Awkwafina vows to ‘always listen,’ then quits Twitter after ‘blaccent’ criticism

Awkwafina posing in a checkered blazer
Awkwafina announced this weekend that she’s leaving Twitter.
(Mariah Tauger / Los Angeles Times)

After years of criticism, Awkwafina has finally responded to allegations that she used a “blaccent” and appropriated Black culture to further her career.

The “Crazy Rich Asians” and “Shang-Chi and the Legend of the Ten Rings” star released a statement Saturday vowing to “always listen” and work “tirelessly” to support marginalized communities before announcing she is taking a break from Twitter. The rapper-turned-actor has long been accused of imitating African American Vernacular English to become famous, but dropping the blaccent when it no longer benefited her.

“There is a sociopolitical context to everything, especially the historical context of the African American community in this country,” Awkwafina, whose real name is Nora Lum, wrote.


“It is a group that is disproportionately affected by institutionalized policies and law enforcement policies — all the while having historically and routinely seen their culture stolen, exploited and appropriated by the *dominant* culture for monetary gain without acknowledgment nor respect for where those roots come from, the pioneers of its beginnings and the artists that perfected and mastered the craft.”

Throughout her entertainment career, Awkwafina has worn many hats — as a comedian, recording artist, TV and movie star. Discourse surrounding her use of a blaccent picked up considerable steam in response to her breakout performance as Peik Lin Goh in the 2018 blockbuster “Crazy Rich Asians” and has followed her ever since.

When asked about the controversy during a press junket last year, Awkwafina said she was “open to the conversation” about the “multifaceted and layered” topic while promoting one of her more recent projects, Marvel’s “Shang-Chi.”

Awkwafina (“Shang-Chi and the Legend of the Ten Rings”) and Kumail Nanjiani (“The Eternals”) on shifting tides of Asian American representation in Hollywood and their fall MCU debuts.

Aug. 29, 2021

“It is a problem we still see today — though some may pass it off as a convoluted mixture of the ‘internet TikTok slang generation’ that liberally uses AAVE, to add that hip hop — a genre of music that is ubiquitous and beloved across the country has now anchored itself as a mainstream genre in music history,” Awkwafina continued in her Saturday statement.

“And in life, linguistic acculturation, immigrant acculturation, and the inevitable passage of globalized internet slang all play a factor in the fine line between offense and pop culture.”

Ultimately though, the 33-year-old entertainer insisted and literally underlined that to “mock, belittle, or to be unkind in any way possible at the expense of others is: Simply. Not. My. Nature. It never has, and it never was.”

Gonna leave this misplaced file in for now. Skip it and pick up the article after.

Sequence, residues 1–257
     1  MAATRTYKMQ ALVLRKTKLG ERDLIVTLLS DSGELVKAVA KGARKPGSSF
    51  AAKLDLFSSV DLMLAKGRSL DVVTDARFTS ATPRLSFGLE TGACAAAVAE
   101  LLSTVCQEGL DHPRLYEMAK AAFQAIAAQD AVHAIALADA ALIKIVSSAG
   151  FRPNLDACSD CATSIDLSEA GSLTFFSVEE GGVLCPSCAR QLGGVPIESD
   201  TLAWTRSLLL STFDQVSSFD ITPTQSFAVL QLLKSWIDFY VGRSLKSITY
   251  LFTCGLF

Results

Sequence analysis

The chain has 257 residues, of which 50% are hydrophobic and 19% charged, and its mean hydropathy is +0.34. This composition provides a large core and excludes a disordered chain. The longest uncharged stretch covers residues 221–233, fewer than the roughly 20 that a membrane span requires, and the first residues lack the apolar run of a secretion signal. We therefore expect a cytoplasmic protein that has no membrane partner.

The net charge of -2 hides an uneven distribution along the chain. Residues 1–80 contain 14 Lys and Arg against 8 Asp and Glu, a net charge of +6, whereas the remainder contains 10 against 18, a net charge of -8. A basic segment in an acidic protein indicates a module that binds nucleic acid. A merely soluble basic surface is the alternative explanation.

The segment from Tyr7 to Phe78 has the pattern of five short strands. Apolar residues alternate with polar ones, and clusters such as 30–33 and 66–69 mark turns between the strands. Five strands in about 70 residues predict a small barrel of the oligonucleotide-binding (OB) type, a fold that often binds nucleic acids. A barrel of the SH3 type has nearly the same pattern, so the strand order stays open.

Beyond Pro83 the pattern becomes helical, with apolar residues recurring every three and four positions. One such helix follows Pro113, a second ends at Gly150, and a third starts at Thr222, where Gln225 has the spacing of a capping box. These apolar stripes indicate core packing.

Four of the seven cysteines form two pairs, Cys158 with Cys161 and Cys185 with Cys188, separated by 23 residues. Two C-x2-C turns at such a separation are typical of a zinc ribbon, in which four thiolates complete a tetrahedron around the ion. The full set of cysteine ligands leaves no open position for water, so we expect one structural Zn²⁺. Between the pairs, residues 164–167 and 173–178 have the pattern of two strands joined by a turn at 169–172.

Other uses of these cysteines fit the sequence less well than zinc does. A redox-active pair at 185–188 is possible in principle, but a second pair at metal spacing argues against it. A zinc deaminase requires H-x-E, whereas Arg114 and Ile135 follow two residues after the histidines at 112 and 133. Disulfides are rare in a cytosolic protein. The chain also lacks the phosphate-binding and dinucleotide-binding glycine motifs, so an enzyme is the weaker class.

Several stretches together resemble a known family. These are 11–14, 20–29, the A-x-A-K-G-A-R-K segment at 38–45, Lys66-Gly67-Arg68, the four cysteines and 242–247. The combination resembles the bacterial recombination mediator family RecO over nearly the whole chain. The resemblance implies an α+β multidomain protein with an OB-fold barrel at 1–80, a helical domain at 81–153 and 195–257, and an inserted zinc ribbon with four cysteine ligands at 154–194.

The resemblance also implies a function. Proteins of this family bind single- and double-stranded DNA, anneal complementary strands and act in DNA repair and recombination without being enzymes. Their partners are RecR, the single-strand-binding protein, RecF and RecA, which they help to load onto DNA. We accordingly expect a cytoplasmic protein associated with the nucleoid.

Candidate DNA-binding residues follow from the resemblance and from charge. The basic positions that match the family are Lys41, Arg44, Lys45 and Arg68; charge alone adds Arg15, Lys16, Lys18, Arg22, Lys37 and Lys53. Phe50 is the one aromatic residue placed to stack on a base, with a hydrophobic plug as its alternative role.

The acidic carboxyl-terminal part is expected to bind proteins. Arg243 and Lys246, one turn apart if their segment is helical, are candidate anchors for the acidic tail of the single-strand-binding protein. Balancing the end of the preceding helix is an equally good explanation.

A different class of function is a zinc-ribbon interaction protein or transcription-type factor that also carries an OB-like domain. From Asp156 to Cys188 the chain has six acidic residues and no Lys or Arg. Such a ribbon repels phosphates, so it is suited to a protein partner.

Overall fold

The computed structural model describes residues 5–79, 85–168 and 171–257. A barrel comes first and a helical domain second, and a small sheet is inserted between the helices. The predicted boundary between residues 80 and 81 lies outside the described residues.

In Season 2 of the Comedy Central series, success is a journey, not a destination. The cast shares the real-life experiences that inspired them.

Aug. 18, 2021

“But as a non-black POC, I stand by the fact that I will always listen and work tirelessly to understand the history and context of AAVE, what is deemed appropriate or backwards toward the progress of ANY and EVERY marginalized group,” she added.

“My immigrant background allowed me to carve an American identity off the movies and tv shows I watched, the children I went to public school with, and my undying love and respect for hip hop.”

Awkwafina, who grew up in New York City and is of Chinese and Korean descent, also reflected on her Asian American identity and mission to empower others. Amid the blaccent allegations, the A-lister has received praise in recent years for increasing Asian American representation onscreen.

Awkwafina is not herself. She’s also not her “The Farewell” writer-director, Lulu Wang.

Oct. 30, 2019

“I think as a group, Asian Americans are still trying to figure out what the journey means for them — what is correct and where they don’t belong,” she wrote.

“And though I’m still learning and doing that personal work, I know for sure that I want to spend the rest of my career doing nothing but uplifting our communities. We do this first by failing, learning, acknowledging, hearing and empathizing ... And I will continue, tirelessly, to do just that.”

Shortly after posting her statement, Awkwafina tweeted that she will soon deactivate her Twitter account for “a few years,” per her therapist’s recommendation.


After “Crazy Rich Asians” and “The Farewell,” Comedy Central’s “Awkwafina Is Nora from Queens” is a comedown for the rising star.

Jan. 22, 2020

“To my fans, thank you for continuing to love and support someone who wishes they could be a better person for you,” she wrote. “I apologize if I ever fell short, in anything I did. You’re in my heart always.”

Less than an hour later, she added, “To Clarify: I am retiring from the ingrown toenail that is Twitter. Not retiring from anything else, even if I wanted to, and I didn’t drunkenly hit someone with a shoehorn and now escaping as a fugitive. Also am avail on all other socials that don’t tell you to kill yourself!”

In reaction to Awkwafina’s long-awaited remarks on the matter, many social media users shared a YouTube video in which a college student named Justin explains “The Blaccent Paradox” in the entertainment industry.

“What we’re seeing ... is a hyperbolic exaggeration of Black culture that’s being used by non-Black creators,” Justin says in the video, which has amassed more than 147,000 views on the platform.

“The problem isn’t necessarily white people trying to sound like a Black person. The problem is white people trying to sound like a caricature of a Black person, a caricature that is deeply rooted in racist stereotypes.”